One of America's greatest strengths has always been taking in immigrants from cultures around the world, and assimilating them into our country as Americans. By being citizens of the U.S. we are Americans first, and only, in our national loyalties.
This is totally opposed by MEChA for the hordes of illegal immigrants pouring across our borders, to whom they say:
"Chicano is our identity; it defines who we are as people. It rejects the notion that we...should assimilate into the Anglo-American melting pot...Aztlan was the legendary homeland of the Aztecas ... It became synonymous with the vast territories of the Southwest, brutally stolen from a Mexican people marginalized and betrayed by the hostile custodians of the Manifest Destiny." (Statement on University of Oregon MEChA Website, Jan. 3, 2006)
I know many wonderful Latino people, and my life has been enriched by knowing them. I hope that we will get to the point where Americans can separate the ethnicity of the person from the actions of the person, and resent the illegal activities, rather than the ethnic background.
Yes, I am associated with a place that works with illegal immigrants. We see many, many of them from Dalton. They don't appear to think there is anything wrong with being in the US illegally. They truly feel that they have an absolute right to be here, and have no problem with admitting that many of them use false documents. It is a totally different mindset, and many of them don't understand why anyone would get upset with them for being here illegally. They get angry if they think they are going to be turned down for something, because they feel that access to services is their right. I'm sure this is a generalization, but it is true for a lot of illegal immigrants in the area.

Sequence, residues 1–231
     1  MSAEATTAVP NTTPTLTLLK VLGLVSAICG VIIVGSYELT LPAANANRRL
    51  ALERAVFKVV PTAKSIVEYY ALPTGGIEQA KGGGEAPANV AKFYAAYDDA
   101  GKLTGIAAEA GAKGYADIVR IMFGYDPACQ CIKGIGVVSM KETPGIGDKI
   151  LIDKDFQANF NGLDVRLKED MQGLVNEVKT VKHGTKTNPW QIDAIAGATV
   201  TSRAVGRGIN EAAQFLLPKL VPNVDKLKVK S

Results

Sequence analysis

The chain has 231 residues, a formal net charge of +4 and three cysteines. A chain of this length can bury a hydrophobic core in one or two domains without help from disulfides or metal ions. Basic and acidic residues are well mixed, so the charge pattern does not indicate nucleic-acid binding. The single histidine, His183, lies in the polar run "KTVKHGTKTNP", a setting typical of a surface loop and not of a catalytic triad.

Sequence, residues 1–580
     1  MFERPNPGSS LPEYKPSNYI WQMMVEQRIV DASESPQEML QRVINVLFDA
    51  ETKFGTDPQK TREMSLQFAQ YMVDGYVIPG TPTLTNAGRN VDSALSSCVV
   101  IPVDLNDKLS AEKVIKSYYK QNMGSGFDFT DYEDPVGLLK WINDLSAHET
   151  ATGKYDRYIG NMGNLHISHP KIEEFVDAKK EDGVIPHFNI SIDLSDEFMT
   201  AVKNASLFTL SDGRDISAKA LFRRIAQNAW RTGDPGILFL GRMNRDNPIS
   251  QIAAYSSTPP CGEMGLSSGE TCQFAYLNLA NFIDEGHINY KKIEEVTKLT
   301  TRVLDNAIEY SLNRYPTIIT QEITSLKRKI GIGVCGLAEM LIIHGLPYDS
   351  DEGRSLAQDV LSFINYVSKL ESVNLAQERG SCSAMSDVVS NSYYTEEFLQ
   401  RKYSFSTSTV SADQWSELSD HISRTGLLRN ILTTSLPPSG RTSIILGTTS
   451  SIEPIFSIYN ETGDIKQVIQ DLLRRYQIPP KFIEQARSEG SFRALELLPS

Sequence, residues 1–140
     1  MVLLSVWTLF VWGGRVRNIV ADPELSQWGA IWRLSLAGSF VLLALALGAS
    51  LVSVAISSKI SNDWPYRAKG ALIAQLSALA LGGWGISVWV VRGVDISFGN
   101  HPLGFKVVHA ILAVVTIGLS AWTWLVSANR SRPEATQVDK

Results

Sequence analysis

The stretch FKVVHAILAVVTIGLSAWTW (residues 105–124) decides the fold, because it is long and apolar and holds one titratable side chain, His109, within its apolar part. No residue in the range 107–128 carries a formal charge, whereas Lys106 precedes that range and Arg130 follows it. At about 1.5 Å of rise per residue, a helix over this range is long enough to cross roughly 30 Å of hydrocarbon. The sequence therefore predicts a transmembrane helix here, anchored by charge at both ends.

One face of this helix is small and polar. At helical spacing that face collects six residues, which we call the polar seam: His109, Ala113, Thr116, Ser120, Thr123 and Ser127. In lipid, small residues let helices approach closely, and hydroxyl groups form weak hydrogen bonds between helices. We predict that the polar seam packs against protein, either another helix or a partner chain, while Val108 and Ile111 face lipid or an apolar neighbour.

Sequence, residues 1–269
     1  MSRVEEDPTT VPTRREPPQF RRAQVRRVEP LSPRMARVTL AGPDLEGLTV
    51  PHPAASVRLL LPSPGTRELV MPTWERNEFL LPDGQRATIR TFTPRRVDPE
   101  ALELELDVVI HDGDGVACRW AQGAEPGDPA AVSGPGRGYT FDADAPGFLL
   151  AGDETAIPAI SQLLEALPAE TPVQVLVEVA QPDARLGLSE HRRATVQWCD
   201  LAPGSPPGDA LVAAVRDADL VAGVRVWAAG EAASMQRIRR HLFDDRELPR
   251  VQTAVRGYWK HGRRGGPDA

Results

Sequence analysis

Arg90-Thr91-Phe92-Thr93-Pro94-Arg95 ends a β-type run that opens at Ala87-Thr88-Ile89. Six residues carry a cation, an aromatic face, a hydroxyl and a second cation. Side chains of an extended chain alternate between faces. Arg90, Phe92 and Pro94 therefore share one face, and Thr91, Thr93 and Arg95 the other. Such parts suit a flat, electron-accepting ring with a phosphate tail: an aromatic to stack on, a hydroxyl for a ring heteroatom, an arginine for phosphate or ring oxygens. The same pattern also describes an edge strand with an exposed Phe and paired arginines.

Whether people completely understand it or not, the reason for so many illegal immigrants in this area is due almost entirely to the carpet industry. I have been told by more than one person that carpet industry personnel actively recruited workers from places like Mexico. When the illegal workers showed up in Dalton, the personnel departments told the immigrants where to go to get false documents. This was not done to help needy people from foreign countries. It was done because the carpet industry could pay illegal workers less money than legal workers. Once the housing boom was over, and the carpet mills started closing, the city of Dalton was left to deal with thousands of uneducated people who didn't speak English and no longer had a job. This has created a huge underclass of people whose American-born children are being supported by those Americans who are working and paying taxes. Also, when the farming industry complains that crops are ruining because illegal workers have been deported, people seem to forget that there are ways for migrant workers to come to the US legally to work in the farm industry. The problem starts when those workers stay past the return date on their visas and become illegal immigrants. If migrant farm workers would obey the rules, there wouldn't be a problem.